On this day… 25th July
Brought to you by TJ13 contributor OddBall
1999 was meant to be the year of Ferrari. The team had pushed hard to develop a car that was at last capable of winning the coveted F1 crown. Things had finally come together and Maranello had assembled what was arguably one of the greatest combination the sport had seen with the likes of Jean Todd, Ross Brawn and of course Michael Schumacher topping the bill.
Yet for some the unlikely star of the year turned out to be another Ferrari driver, the hot headed but likeable Eddie Irvine.
The Northern Irishman’s rise to the top of Ferrari’s pecking order came about following a failure on Schumacher’s car as he entered Silverstone’s Stowe corner flat out. Broken legs meant Michael was out of the game for a number of races and Irvine set about taking advantage starting at the British GP where he came a creditable second.
In the eyes of Ferrari Irvine was a very good ‘number two’, an ideal foil for Schumacher. Irvine disagreed having stated, it was a bad move for the team, ”to place all their eggs in one basket.’ So as Irvine positioned himself as Maranello’s number one, he – as the ‘number two’ was replaced by Mika Salo.
Most people viewed the promotion of Irvine as a stop gap measure ame the replacement while Irvine was force to lead.
Many in the Ferrari hierarchy saw Irvine’s promotion as a stop gap until their star driver could return, yet the reality was that Irvine positioned himself well over the coming races – and was almost able to take the driver’s championship.
On this day in history at the race following Silverstone, Irvine demonstrated what he was about. Whilst being a second off the pace of the McLaren pair, things began to brew once the race started.
Mika Hakkinen took the initial lead for McLaren into turn one followed by his team mate, David Coulthard, but at the very next corner he found himself relegated to the rear of the train as his team mate managed to collect him. Coulthard later said, “I completely misjudged the second corner of the race and I am very sorry for what happened with Mika.” But the damage had been done.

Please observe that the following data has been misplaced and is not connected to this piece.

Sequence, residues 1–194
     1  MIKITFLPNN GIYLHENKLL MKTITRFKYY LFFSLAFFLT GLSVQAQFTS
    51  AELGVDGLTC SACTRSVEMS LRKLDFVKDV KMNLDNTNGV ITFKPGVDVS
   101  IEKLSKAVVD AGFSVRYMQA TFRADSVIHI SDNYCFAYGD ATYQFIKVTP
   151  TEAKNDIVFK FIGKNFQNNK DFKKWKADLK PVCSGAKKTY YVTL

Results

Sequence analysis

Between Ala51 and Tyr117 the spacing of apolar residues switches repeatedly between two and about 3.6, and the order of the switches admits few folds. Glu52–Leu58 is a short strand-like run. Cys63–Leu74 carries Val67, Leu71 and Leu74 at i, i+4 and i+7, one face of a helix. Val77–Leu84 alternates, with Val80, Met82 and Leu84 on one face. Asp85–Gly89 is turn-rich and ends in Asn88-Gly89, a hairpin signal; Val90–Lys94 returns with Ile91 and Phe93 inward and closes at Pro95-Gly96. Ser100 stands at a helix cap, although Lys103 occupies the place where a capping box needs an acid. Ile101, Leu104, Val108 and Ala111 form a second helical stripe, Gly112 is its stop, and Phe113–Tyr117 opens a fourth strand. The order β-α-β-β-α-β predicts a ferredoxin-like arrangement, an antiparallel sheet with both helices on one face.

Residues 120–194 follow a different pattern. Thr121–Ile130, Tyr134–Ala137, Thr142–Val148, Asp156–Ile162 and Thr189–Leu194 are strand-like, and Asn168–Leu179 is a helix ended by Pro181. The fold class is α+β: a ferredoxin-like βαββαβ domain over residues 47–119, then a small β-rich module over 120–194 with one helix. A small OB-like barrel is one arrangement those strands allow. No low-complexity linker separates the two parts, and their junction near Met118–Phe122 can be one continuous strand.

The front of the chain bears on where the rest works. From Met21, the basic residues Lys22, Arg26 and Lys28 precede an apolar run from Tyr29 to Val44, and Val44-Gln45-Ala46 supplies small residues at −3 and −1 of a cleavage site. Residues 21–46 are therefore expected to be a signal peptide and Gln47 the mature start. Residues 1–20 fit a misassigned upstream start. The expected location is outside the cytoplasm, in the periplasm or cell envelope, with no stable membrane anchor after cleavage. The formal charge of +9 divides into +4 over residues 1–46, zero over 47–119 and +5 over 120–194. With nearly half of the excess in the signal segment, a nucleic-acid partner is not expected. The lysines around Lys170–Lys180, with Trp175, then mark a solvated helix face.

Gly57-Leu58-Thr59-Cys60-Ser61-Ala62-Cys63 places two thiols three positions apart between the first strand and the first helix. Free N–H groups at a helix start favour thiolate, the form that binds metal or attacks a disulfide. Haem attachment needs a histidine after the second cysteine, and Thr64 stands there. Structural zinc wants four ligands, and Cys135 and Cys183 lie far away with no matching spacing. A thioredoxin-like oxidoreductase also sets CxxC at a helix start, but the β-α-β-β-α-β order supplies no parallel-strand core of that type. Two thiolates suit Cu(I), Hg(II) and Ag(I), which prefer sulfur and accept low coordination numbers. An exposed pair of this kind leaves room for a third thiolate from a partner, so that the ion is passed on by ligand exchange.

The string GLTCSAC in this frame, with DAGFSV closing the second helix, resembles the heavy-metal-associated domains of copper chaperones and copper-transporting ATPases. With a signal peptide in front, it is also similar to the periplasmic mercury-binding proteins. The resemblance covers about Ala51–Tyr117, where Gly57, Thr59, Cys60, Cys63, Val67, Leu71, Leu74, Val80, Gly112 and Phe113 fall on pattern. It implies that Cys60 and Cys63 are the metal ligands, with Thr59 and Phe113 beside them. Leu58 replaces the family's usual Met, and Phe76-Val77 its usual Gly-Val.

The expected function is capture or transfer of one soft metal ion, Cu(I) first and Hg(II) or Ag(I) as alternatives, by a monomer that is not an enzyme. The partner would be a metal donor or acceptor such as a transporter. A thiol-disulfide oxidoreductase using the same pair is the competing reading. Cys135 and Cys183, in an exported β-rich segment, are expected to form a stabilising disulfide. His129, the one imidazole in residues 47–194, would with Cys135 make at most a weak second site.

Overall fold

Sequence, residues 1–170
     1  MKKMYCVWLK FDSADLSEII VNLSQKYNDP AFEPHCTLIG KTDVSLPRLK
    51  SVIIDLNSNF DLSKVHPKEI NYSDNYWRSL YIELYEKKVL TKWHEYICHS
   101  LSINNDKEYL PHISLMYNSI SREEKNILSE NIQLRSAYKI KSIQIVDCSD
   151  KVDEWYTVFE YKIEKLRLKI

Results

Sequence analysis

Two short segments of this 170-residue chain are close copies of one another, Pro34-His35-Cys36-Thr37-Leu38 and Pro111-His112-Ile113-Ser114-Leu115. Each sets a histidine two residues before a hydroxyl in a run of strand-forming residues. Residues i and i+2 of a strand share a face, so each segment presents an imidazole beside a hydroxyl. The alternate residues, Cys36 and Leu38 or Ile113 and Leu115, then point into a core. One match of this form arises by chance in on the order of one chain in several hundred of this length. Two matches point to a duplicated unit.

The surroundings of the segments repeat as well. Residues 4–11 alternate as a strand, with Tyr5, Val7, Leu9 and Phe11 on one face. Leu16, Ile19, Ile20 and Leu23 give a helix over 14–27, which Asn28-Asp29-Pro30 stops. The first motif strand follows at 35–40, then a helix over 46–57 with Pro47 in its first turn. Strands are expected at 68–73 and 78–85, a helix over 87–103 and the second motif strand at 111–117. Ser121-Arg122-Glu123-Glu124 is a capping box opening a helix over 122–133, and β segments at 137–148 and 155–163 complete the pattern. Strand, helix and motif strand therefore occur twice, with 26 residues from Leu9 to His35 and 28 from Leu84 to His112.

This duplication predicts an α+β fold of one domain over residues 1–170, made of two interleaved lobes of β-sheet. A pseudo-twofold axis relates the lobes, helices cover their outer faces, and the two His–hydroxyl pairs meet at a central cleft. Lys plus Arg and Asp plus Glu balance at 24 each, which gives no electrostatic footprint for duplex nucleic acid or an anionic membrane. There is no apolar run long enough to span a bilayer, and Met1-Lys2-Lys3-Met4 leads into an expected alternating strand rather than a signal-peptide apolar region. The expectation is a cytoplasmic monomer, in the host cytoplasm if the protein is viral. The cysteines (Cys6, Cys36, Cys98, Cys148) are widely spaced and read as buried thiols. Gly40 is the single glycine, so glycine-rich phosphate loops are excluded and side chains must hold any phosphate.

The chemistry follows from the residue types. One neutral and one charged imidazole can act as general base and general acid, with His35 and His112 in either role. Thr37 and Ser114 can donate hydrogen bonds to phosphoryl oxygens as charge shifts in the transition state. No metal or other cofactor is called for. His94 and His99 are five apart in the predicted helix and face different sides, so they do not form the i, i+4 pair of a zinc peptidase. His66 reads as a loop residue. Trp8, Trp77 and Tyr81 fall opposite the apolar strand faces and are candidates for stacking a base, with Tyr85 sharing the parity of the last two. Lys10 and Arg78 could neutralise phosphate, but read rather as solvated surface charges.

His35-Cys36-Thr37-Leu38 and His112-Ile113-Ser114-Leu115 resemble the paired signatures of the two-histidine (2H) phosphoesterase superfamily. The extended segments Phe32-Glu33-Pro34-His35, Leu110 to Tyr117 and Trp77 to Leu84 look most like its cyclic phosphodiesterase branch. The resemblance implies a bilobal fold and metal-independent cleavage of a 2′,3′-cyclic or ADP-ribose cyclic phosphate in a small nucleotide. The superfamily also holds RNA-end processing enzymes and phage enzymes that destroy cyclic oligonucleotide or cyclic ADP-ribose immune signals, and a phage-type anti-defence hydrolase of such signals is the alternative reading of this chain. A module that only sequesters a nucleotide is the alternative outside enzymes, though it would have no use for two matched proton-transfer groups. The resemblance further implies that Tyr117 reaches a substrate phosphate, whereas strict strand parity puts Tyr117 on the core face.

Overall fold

The Ferrari of Irvine and McLaren of Coulthard were now racing hard at the front, but the Scot’s car was surprisingly slow – maybe suffering from the collision – or maybe it was the result of a rattled driver, but either way it allowed the Ferrari to remain at close quarters.
At the pit stop the McLaren were slow and Irvine produced laps worthy of Schumacher and once everything had played out the Ferrari took the lead.
The laps quickly counted down as the pair danced around the ring, but the McLaren could not pass and the Ferrari took the chequered flag first.
Mika Hakkinen drove like a bat out of hell, pulling move after move, to finish third and limit the damage to his title aspirations. He was 20 seconds behind Irvine but remained two points ahead of the Northern Irishman with still 7 races to go.
This day saw a resurgent Ferrari and the McLaren team began to crack. The ‘tortoise’ won the race and Ferrari went on to take the constructors’ championship that year – their first since 1983.